For Gold, Peace, and Freedom


Las Vegas: An Unconventional History (Book Review)

February 12th, 2008

las-vegas-book-review.jpg This article by Jennifer Young is a book review of Las Vegas: An Unconventional History, a historical account of the rise of Las Vegas, Nevada as a city that has become famous for its casinos and night life. Although I have not read the book myself, this reviewer makes it look like a pretty good read. Relatively speaking, Nevada is one of the most libertarian states in the USA, and since I like reading about historical topics as well, I might want to put this one on my future reading list.

Written as a companion to the PBS American Experience series and anticipating the 100th anniversary of the city’s founding, Las Vegas: An Unconventional History by Michelle Ferrari with Stephen Ives is as close to the city as you can get between two book covers. It is a riveting account of a city that stands as a “monument to reckless abandon and unbridled excess”. From the lights of the casinos to the mobsters and glamour girls, this is a spectacular account of an American dream-come-true and for some, a dream-gone-bad.

This coffee-table book published by Bulfinch Press would make a great gift for Vegas lovers, gambling enthusiasts and even American history fans. Divided into thirteen chapters, it begins at the dusty beginning of this desert town, a mere outpost that was not even listed on the 1900 census. Even at its earliest stages as a small settlement, however, it seemed like a haven for prospectors, drifters, cowboys and rail passengers congregated for liquor, gambling and sex at ramshackle saloons and prostitution “cribs”.

The notorious history contained in this volume is extensive and coupled with advertisements, postcards and other visual memorabilia from the early days of the Flamingo onward to today’s extravagance and neon-lit casinos and hotels. The old photographs published here include the two-story Hotel Nevada, Fremont Street in 1905, the infamous Block 16, The Arizona Club, Hoover Dam construction and many more.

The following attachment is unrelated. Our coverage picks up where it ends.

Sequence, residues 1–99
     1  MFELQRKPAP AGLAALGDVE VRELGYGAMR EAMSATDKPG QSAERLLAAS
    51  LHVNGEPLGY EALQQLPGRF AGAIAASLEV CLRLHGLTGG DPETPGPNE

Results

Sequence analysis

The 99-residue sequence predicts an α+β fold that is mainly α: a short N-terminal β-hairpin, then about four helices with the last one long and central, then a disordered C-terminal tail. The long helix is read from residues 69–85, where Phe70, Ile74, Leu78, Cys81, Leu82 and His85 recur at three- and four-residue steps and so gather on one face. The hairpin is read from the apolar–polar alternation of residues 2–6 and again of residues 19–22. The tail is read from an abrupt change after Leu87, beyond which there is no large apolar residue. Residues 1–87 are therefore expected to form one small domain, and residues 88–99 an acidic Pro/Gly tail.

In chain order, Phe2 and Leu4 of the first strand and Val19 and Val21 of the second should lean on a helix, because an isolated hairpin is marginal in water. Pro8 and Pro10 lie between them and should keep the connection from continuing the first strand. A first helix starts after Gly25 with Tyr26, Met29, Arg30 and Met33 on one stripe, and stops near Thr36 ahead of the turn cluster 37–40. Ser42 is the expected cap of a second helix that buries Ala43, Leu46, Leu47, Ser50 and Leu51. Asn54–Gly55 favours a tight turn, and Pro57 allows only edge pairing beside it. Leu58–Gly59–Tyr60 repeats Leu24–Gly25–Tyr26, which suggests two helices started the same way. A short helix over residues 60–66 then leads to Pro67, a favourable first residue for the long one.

What’s more, this book offers a glimpse into the personal lives of people who passed through the city which seems always a place for transient populations—celebrity and tourists alike. It talks about the crooked vice squad commander married to a Hollywood madam, about Clark Gable’s divorce, about the mobsters who propelled the city onward in all areas of vice.

Naturally, there is a rather large section of the book devoted to electricity; that is, the infamous lights of this city that when lit, can be seen from space—according to astronauts. Cheap electricity generated by Hoover Dam has made Las Vegas the neon capital of the world, boasting literally millions of bulbs. Even the McDonald’s on the strip is lit with neon.

Not surprisingly, this history also showcases the shows and show-stoppers. Everyone from Esther Williams to Sammy Davis Jr. to Elvis to Frank Sinatra is included. Show scenes as well snapshots add much to capture the majesty of the show business stage.

From Siegfried and Roy to Liberace, this book doesn’t leave much out. It is a standout in terms of both text and photography. It has a lot to say and equally as much to show. A must read before your next visit—to the most visited American city.

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